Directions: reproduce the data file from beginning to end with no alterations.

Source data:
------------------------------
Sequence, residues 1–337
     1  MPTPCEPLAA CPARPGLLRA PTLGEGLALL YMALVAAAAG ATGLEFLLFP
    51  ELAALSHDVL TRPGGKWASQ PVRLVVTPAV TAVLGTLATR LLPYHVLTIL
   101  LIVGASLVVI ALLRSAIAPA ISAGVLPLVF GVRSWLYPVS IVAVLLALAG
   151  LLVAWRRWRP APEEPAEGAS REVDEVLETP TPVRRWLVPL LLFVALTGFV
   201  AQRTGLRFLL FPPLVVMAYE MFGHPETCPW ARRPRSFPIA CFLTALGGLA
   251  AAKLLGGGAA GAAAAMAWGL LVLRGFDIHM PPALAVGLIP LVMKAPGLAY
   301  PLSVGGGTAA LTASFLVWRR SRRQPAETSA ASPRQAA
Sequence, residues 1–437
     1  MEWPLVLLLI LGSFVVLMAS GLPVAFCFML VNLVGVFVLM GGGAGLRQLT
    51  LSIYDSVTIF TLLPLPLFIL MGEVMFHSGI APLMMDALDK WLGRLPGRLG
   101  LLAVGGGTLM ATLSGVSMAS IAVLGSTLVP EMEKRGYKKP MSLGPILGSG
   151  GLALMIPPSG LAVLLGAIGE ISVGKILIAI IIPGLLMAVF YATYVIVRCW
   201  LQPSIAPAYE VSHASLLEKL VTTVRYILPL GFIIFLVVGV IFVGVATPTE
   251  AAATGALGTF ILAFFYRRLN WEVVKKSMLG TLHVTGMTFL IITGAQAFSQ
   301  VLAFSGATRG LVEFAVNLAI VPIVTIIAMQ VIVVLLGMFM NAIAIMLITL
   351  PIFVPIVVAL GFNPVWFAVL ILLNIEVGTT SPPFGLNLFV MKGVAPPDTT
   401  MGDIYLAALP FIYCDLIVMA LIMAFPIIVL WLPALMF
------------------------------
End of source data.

Sequence, residues 1–337
     1  MPTPCEPLAA CPARPGLLRA PTLGEGLALL YMALVAAAAG ATGLEFLLFP
    51  ELAALSHDVL TRPGGKWASQ PVRLVVTPAV TAVLGTLATR LLPYHVLTIL
   101  LIVGASLVVI ALLRSAIAPA ISAGVLPLVF GVRSWLYPVS IVAVLLALAG
   151  LLVAWRRWRP APEEPAEGAS REVDEVLETP TPVRRWLVPL LLFVALTGFV
   201  AQRTGLRFLL FPPLVVMAYE MFGHPETCPW ARRPRSFPIA CFLTALGGLA
   251  AAKLLGGGAA GAAAAMAWGL LVLRGFDIHM PPALAVGLIP LVMKAPGLAY
   301  PLSVGGGTAA LTASFLVWRR SRRQPAETSA ASPRQAA
Sequence, residues 1–437
     1  MEWPLVLLLI LGSFVVLMAS GLPVAFCFML VNLVGVFVLM GGGAGLRQLT
    51  LSIYDSVTIF TLLPLPLFIL MGEVMFHSGI APLMMDALDK WLGRLPGRLG
   101  LLAVGGGTLM ATLSGVSMAS IAVLGSTLVP EMEKRGYKKP MSLGPILGSG
   151  GLALMIPPSG LAVLLGAIGE ISVGKILIAI IIPGLLMAVF YATYVIVRCW
   201  LQPSIAPAYE VSHASLLEKL VTTVRYILPL GFIIFLVVGV IFVGVATPTE
   251  AAATGALGTF ILAFFYRRLN WEVVKKSMLG TLHVTGMTFL IITGAQAFSQ
   301  VLAFSGATRG LVEFAVNLAI VPIVTIIAMQ VIVVLLGMFM NAIAIMLITL
   351  PIFVPIVVAL GFNPVWFAVL ILLNIEVGTT SPPFGLNLFV MKGVAPPDTT
   401  MGDIYLAALP FIYCDLIVMA LIMAFPIIVL WLPALMF